In this article we review studies pertaining to psychophysical measurements and neural correlates of tasks requiring the processing of directional information in spatial motor tasks. The results of psychological studies in human subjects indicate that time-consuming processes underlie mental rotation and memory scanning. Other studies have suggested that these processes may rely on different basic mechanisms. A direct insight into their neural mechanisms was obtained analyzing the activity of single cells and neuronal populations in the brain of behaving monkeys performing the same tasks. These studies revealed the nature of the neural processes underlying mental rotation and memory scanning and confirmed their different nature.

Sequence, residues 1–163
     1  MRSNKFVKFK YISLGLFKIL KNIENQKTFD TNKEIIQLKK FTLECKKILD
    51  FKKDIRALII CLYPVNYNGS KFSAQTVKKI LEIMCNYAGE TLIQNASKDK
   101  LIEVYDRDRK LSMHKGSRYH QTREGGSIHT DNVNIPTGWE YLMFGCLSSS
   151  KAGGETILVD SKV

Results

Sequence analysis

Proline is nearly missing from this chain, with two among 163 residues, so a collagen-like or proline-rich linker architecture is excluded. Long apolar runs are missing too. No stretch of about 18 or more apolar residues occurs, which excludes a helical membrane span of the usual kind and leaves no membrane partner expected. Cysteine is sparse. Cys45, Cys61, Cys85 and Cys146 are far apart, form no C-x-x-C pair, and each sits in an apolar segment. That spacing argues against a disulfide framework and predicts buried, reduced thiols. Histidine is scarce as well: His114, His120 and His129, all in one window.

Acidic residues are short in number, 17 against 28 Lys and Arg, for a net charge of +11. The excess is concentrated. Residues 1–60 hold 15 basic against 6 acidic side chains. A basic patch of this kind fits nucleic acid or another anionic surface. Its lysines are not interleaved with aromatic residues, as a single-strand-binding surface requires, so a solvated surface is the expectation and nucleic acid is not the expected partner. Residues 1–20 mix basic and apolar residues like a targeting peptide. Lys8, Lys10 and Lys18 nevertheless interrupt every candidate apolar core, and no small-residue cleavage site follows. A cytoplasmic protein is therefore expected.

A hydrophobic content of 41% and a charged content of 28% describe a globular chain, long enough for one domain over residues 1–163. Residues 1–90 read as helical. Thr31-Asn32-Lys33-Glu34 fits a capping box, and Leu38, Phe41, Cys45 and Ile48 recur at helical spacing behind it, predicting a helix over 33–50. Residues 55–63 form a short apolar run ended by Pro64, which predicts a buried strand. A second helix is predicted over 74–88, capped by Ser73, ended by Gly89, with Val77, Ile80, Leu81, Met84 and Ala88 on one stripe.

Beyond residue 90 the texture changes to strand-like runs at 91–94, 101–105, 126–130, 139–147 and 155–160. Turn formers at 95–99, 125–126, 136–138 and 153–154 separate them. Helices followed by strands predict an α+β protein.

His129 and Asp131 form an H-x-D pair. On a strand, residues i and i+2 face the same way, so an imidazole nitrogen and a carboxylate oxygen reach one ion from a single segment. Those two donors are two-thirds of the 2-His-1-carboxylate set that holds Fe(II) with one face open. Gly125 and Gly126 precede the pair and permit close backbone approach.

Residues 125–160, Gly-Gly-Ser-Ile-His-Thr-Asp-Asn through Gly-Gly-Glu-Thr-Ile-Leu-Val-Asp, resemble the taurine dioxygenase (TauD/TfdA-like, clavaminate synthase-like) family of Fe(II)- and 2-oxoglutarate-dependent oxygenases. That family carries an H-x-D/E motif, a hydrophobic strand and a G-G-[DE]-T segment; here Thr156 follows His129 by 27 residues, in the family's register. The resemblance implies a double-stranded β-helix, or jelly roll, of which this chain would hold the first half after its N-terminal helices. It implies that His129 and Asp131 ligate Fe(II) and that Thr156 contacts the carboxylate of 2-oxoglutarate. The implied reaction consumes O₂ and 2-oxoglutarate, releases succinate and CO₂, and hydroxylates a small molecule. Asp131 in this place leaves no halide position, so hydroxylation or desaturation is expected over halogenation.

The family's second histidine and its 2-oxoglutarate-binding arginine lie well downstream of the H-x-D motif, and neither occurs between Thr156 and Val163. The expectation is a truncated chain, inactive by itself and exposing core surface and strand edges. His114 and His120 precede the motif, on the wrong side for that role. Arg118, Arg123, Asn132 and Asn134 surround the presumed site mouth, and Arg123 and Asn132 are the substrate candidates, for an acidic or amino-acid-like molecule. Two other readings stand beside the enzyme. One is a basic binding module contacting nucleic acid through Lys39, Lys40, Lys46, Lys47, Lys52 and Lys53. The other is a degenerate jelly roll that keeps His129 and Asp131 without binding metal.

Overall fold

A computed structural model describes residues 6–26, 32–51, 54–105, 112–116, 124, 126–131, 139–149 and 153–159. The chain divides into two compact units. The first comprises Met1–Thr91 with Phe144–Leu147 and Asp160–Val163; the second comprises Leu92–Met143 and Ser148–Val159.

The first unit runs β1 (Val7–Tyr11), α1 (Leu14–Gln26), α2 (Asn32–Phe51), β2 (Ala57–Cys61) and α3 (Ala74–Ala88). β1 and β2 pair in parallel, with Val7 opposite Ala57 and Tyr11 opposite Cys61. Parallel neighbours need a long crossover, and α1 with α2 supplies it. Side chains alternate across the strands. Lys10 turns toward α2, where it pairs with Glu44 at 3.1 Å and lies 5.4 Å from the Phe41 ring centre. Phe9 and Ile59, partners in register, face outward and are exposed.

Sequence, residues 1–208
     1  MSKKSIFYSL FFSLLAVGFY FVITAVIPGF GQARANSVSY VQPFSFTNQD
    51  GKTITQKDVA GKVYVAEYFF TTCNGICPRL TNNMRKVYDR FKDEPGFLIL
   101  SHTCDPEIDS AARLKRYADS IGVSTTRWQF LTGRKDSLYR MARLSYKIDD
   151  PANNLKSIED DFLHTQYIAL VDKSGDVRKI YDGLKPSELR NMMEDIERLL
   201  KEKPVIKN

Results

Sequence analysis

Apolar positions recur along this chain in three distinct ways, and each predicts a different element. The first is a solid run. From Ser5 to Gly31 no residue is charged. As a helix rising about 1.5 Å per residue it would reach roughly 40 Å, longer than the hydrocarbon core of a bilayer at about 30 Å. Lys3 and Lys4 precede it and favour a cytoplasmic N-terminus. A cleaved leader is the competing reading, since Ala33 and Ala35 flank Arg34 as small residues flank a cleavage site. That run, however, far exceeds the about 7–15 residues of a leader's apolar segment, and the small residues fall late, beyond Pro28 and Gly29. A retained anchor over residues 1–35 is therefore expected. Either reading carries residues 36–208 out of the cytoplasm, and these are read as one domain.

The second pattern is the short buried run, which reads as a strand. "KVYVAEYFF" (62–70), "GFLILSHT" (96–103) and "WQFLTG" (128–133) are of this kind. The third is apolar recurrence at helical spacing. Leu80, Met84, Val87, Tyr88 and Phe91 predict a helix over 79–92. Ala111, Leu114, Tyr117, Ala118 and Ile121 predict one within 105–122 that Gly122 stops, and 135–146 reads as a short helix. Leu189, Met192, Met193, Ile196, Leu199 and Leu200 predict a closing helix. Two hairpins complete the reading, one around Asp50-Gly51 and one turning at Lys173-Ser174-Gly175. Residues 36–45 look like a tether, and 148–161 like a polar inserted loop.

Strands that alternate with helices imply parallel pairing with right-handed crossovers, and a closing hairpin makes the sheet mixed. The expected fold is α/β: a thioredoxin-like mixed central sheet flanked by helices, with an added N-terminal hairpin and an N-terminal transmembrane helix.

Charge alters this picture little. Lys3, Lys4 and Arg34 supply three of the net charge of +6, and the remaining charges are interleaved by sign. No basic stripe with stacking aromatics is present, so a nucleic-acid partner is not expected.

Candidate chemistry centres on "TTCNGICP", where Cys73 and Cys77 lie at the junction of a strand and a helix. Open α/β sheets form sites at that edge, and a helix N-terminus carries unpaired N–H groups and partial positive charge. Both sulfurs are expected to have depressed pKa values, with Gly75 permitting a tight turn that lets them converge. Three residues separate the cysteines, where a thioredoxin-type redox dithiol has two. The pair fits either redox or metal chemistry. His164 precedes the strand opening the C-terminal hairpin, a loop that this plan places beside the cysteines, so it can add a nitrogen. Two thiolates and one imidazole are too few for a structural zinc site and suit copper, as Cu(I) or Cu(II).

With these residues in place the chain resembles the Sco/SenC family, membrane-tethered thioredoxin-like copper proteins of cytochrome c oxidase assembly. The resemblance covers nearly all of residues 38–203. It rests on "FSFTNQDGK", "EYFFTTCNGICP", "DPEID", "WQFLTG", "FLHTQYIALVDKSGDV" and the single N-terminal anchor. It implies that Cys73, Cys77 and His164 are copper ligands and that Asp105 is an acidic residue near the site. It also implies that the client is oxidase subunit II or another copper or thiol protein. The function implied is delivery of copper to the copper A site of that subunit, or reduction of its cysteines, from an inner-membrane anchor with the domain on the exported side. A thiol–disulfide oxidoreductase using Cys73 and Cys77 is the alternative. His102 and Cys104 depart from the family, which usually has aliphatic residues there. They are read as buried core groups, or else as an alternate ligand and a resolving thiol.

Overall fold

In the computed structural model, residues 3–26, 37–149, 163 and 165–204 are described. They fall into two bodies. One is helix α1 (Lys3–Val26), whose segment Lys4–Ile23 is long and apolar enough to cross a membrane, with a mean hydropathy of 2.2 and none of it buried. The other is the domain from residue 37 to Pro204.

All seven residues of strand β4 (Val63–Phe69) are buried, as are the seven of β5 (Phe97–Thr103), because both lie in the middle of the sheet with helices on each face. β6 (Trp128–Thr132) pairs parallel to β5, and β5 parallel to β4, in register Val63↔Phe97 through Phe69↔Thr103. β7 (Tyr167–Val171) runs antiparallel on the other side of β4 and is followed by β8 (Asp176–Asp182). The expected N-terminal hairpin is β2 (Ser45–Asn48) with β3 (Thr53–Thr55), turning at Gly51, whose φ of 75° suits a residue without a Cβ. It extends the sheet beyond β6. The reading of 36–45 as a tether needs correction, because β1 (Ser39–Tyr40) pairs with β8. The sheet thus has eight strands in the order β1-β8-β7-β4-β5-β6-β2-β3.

Bibliographical noteFunding Information:
This work was supported by United States Public Health Service grant NS17413.
- directional processing
- memory scanning
- mental rotation
- motor cortex
- spatial transformations